When someone applies for Social Security Disability or SSI, the Social Security Administration follows a five-step sequential evaluation for determining eligibility. This process is followed regardless of the level of decision (application, reconsideration, or a hearing). This is the process used for adult claims. For information on the process for childhood SSI click here.
The five steps are as follows:
1. Whether the claimant is engaging substantial gainful activity?
The general rule is that a claimant cannot engage in full-time employment and be approved for SSD or SSI. Substantial gainful activity (SGA) is work that is both substantial and gainful. Each year the SSA determines a level of earnings considered SGA. A claimant should not automatically assume that if she is working and earning below SGA, that she will be safe in terms of the disability application. The decisionmaker could still decide later that the work is evidence of ability to perform certain categories of work and thus find that the claimant is not disabled further down the sequential process.
2. Whether the claimant has a medically determinable impairment that is "severe" or a combination of impairments that is "severe"?
An impairment or combination of impairments is severe if it limits an individual's ability to perform basic work activities. Case law has generally required only minimal limitations of work activity in order for an impairment or combination thereof to be considered severe. Very few claims are denied at this step of the sequential process.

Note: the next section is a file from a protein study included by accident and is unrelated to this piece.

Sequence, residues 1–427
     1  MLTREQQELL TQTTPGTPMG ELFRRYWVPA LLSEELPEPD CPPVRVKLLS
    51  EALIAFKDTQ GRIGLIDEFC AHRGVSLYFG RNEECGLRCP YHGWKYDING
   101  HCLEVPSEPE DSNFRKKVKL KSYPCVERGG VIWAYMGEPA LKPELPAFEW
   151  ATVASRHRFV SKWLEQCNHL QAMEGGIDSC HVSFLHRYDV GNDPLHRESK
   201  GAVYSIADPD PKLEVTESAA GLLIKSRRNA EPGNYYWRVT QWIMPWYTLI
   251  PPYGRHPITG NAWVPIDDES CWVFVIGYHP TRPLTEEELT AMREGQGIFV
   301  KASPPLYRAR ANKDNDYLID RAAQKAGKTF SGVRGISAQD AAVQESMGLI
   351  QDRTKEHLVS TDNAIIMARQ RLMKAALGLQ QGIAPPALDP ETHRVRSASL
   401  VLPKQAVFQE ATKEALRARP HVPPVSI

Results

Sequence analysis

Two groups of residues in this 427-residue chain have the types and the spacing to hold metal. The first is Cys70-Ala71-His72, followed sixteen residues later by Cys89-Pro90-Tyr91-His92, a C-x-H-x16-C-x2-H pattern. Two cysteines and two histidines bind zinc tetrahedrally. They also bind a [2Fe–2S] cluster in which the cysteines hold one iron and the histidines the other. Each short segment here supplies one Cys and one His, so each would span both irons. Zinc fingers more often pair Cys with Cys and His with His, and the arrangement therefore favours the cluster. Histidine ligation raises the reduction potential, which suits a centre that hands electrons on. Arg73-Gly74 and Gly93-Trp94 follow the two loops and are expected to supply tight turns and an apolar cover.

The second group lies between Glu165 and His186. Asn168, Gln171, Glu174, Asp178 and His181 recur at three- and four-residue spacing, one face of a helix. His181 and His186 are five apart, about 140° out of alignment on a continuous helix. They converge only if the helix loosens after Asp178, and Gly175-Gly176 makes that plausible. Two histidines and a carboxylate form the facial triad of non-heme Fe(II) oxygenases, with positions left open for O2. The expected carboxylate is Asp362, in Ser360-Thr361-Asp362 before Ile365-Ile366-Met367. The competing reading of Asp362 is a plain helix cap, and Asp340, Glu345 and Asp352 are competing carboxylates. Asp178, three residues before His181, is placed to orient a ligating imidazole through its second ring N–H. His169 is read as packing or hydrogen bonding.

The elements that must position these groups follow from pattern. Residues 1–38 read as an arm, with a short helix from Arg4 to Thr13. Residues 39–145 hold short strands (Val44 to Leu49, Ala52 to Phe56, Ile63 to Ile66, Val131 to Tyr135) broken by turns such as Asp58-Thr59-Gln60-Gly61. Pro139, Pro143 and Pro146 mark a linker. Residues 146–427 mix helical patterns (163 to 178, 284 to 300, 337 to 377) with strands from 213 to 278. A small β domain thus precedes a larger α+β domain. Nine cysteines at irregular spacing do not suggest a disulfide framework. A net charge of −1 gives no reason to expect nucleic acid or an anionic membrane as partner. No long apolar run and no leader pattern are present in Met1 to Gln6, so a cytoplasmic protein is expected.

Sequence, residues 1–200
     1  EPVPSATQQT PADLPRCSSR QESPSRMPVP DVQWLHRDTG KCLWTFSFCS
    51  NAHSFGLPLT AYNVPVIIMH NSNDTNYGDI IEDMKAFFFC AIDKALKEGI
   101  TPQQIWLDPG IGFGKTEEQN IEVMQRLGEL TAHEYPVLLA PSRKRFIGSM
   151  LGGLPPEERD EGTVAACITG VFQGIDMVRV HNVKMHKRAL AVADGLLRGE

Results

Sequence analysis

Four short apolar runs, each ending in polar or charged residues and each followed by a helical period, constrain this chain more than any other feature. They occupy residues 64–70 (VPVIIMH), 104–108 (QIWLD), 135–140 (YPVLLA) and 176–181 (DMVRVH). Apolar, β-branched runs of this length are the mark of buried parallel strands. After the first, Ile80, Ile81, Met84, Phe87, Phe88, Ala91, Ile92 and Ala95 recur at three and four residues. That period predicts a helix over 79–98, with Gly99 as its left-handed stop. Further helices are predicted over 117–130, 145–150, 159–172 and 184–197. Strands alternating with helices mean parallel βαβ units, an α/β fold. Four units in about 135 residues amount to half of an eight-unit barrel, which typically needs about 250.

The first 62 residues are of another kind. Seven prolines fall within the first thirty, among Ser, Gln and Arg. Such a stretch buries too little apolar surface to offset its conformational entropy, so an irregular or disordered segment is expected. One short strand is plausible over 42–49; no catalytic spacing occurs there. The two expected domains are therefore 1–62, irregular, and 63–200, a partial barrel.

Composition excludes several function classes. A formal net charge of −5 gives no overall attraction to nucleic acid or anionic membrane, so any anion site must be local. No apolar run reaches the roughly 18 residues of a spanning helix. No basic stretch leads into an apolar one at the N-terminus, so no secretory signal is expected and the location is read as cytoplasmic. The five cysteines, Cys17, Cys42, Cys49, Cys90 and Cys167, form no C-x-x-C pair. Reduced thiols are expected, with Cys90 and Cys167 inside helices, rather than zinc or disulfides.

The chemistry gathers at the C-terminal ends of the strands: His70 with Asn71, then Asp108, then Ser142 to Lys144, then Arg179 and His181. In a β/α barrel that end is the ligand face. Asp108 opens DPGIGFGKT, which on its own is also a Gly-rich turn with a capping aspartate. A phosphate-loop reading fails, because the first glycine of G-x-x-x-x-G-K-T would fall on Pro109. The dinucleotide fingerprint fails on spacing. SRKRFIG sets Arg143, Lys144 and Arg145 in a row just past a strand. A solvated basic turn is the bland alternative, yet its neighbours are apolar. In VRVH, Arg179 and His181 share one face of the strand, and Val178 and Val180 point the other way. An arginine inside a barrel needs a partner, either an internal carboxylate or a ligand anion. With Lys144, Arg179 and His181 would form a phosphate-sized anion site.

3. Whether the claimant's impairment or combination of impairments meet or medically equals the criteria of an listed impairment?
If a claimant's impairment(s) meets or equals a listed impairment in Appendix I, then the Social Security Administration will find that person disabled without considering age, education, and work experience. Most claimants do not meet Step 3 of the process and are evaluated at the "Vocational Steps" described below.
4. Whether the claimant has the residual functional capacity to perform the requirements of his or her past relevant work?
At this point in the process, the SSA must determine the claimant's residual functional capacity (RFC). A claimant's RFC is her ability to do physical and mental work actiivites on a sustained basis despite limitations from her impairments. The decision maker must consider all of the claimant's impairments, including those that are not severe.
Again, the burden of proof is on the claimant to show he or she cannot perform his or her past relevant work. The reason must be due to exertional and/or nonexertional restrictions and limitations relating to the medically determinable impairments and not from being fired or inability to be hired.
If the claimant can perform his or her past relevant work, then the inquiry stops and non-disability is determined. If the claimant cannot perform his or her past relevant work, then usually the claim moves on to Step 5.
5. Whether the claimant is able to do any other work considering her residual functional capacity, age, education, and work experience?
If the claimant is able to do other work, she is not disabled. If the claimant is not able to do other work and meets the duration requirement (has lasted or expected to last at least one year), she is disabled. Although the claimant generally continues to have the burden of proving disability, a limited burden of going forward with the evidence shifts to the Social Security Administration. In order to support a finding that a claimant is not disabled at this step, the SSA has to provide evidence that demonstrates other work exists in significant numbers in the national economy that the claimant can do, given the residual functional capacity, age, education, and work experience of the claimant.